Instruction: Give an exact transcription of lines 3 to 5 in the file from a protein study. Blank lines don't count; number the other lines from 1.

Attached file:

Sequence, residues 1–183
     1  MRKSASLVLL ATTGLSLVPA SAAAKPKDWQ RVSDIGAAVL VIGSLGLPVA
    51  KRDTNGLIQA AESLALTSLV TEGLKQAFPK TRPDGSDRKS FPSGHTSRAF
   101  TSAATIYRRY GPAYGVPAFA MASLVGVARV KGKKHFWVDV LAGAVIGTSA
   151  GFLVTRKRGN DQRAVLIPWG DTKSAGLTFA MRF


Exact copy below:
    51  KRDTNGLIQA AESLALTSLV TEGLKQAFPK TRPDGSDRKS FPSGHTSRAF
   101  TSAATIYRRY GPAYGVPAFA MASLVGVARV KGKKHFWVDV LAGAVIGTSA
   151  GFLVTRKRGN DQRAVLIPWG DTKSAGLTFA MRF